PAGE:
There has been no official announcement – one can only imagine it must be on hold until the Monday after a Tennessee Titans victory – but Pinnacle Financial Partners Inc. has confirmed to NashvillePost.com that it has entered into a six-year "bank of the Titans" marketing relationship.
Even with the football team off to an 0-6 start, and even after the breathtakingly awful showing in last Sunday's 59-0 loss to the New England Patriots, the homegrown bank's top man says the Titans brand is still golden.
Terry Turner, president and CEO of Pinnacle, said in an interview yesterday that in addition to the value of a new banking relationship with the Titans organization, Pinnacle now enjoys the marketing value that comes from the "high loyalty and affinity among Titans fans." It is already leveraging its exclusive right to market Titans checking accounts and a Titans debit card, formerly available only through Regions Bank, which was the Titans' bank for a decade.
"Those have been very popular bank products over the past decade," Turner said. "Our early experience is that there are a good number of people who are interested in opening accounts here in order to keep a Titans checking account or Titans debit card."
Turner, who did not reveal the cost of the new sponsorship, was an exec at First American National Bank when NFL football came to Nashville in the 1990s. He helped negotiate the marketing deal that made the announcement of "First American first downs" a regular feature of game day at the new stadium.
First American sold out to AmSouth Bank in 1999, leaving Nashville without a large, locally headquartered commercial bank – a gap Pinnacle set out to fill as a start-up in 2000. AmSouth later sold out to Regions, which inherited First American's 10-year contract to sponsor the Titans.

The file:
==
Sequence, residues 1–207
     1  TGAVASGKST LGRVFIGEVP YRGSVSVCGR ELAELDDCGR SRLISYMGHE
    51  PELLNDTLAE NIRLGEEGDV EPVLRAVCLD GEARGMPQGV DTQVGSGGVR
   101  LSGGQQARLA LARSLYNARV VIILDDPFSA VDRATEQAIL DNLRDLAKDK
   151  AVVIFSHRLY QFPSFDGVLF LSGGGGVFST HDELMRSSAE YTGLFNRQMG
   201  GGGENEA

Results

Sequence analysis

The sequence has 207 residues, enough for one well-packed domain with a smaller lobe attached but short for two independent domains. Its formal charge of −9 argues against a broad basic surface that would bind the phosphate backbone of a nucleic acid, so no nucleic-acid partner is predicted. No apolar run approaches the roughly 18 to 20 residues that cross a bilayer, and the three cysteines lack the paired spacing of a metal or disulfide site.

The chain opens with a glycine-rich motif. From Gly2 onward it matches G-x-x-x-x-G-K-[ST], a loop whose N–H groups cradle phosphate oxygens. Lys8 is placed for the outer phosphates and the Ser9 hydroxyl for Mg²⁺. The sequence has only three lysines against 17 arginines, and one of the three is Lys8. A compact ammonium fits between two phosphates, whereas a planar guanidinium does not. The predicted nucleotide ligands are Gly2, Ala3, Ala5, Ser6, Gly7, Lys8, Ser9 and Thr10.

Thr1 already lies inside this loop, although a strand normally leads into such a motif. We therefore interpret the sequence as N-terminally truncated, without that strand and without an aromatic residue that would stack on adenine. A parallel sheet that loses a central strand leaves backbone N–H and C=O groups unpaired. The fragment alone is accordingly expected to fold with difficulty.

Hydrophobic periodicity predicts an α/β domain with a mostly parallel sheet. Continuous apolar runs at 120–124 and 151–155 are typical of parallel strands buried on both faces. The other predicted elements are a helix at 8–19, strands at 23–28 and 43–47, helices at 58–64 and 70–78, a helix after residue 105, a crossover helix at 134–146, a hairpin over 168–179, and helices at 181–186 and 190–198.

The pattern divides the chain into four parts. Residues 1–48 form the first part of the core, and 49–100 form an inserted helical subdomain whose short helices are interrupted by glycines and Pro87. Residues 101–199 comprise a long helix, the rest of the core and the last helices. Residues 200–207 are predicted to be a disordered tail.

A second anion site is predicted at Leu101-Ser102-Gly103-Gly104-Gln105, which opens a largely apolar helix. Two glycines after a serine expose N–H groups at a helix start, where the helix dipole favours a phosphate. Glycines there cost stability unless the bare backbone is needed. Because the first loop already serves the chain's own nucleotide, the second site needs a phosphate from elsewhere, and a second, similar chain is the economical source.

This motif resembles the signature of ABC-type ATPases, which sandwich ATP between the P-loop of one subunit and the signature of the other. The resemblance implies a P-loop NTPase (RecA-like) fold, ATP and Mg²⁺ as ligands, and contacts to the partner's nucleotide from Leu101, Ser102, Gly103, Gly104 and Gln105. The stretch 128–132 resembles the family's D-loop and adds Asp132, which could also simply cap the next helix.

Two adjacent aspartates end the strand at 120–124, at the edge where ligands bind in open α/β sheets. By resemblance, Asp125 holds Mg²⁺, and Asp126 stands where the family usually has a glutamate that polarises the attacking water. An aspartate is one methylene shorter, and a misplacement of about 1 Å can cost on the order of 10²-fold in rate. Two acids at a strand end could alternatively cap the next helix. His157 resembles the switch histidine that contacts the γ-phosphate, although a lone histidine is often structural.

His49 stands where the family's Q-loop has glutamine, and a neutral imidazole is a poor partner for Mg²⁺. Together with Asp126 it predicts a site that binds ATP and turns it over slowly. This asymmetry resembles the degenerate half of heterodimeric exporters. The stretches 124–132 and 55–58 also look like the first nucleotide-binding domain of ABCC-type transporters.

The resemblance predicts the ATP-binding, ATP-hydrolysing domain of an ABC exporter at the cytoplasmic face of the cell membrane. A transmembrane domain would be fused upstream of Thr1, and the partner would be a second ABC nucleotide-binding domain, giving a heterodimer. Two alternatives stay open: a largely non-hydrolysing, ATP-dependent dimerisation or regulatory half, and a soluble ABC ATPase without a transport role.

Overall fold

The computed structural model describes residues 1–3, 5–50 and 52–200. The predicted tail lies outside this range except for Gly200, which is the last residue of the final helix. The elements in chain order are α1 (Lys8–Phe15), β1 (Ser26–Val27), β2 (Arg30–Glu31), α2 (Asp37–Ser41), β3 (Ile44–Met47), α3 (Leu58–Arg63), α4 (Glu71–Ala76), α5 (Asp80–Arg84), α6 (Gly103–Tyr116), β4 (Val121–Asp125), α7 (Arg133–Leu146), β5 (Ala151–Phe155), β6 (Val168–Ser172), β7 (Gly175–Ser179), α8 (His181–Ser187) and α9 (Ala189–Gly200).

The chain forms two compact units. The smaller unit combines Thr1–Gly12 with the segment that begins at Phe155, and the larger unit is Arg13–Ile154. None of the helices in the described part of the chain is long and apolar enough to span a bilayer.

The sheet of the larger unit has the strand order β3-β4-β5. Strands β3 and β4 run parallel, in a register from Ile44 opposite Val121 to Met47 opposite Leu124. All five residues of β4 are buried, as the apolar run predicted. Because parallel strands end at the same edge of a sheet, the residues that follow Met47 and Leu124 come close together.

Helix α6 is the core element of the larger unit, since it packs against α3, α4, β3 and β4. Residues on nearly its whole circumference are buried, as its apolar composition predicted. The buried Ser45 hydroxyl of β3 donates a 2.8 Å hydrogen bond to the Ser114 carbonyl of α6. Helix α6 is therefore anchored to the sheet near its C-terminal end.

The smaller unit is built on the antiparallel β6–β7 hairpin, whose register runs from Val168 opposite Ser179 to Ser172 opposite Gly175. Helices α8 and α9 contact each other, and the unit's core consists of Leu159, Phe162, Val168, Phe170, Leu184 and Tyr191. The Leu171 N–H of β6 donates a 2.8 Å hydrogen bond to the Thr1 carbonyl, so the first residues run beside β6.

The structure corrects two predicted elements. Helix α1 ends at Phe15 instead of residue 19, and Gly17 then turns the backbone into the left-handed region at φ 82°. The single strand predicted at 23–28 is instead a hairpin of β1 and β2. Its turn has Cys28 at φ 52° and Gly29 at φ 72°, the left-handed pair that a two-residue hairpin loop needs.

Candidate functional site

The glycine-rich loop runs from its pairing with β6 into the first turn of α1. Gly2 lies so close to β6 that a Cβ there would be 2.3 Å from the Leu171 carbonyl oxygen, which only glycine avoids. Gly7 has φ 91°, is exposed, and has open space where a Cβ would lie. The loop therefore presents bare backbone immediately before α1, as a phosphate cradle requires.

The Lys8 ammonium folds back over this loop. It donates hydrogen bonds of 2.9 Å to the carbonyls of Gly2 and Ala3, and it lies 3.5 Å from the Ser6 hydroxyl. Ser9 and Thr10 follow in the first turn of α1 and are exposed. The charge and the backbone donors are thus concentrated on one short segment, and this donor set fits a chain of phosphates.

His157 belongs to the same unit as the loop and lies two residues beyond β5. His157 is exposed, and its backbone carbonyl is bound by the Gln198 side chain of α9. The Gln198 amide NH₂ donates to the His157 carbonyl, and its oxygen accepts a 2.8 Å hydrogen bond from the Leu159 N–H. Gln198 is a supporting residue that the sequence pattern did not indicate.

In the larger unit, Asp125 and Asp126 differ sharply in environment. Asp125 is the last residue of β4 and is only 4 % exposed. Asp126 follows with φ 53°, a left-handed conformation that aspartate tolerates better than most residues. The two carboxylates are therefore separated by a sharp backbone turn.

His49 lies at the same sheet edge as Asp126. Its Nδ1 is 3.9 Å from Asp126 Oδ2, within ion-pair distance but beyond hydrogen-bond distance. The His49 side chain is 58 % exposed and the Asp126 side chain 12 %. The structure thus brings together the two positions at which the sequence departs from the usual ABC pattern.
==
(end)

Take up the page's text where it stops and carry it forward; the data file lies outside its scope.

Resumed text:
Jim Schmitz, Middle Tennessee Area Executive for Regions, told NashvillePost.com several months ago that the bank had decided not to renew the sponsorship when it expired at the end of last season.
"The Titans were looking for a new partner," Turner said. "We looked at the opportunity and decided it would be a great thing for us."
Pinnacle has somewhat famously never run any advertising. The Titans deal marks a departure from how it has gotten its name in front of the public in the past.
"When we started in 2000, with one location downtown, we would not have been an effective partner fot the Titans," Turner explained. Today, Pinnacle has $5.1 billion in assets, 32 Nashville-area branches and a presence in the Knoxville market.
"We're at a size and stature now where we can be a meaningful partner to the Titans and meet all their need," Turner said. "We also have a big enough retail distribution system to take advantage of the market opportunity they offer."
The bank has evolved not only in sheer size but also in its customer mix. "We started off focused exclusively on businesses and affluent individuals, because they were easy to reach through targeted, one-on-one calling on decision-makers, most of whom we knew," Turner recalled.
But Pinnacle shifted focus as it acquired competing local banks in 2006 and 2007 that had strong consumer banking bases. Turner said it now has about a 10 percent share of Nashville's consumer deposit market.
Those customers, as well as the Titans' season ticket holders, can count on hearing from Pinnacle soon about opportunities to put their money where the Titans are – though perhaps not until the Titans are somewhere other than the basement.
And on game days, as a successor to the old "First American first down," the opposing team's "red zone" between the 20-yard-line and the end zone will become the "Pinnacle scoring zone," according to Turner.
Plenty of Nashvillians, no matter where they do their banking, will be eager to see the Titans spend more time in that zone as they try to salvage this season.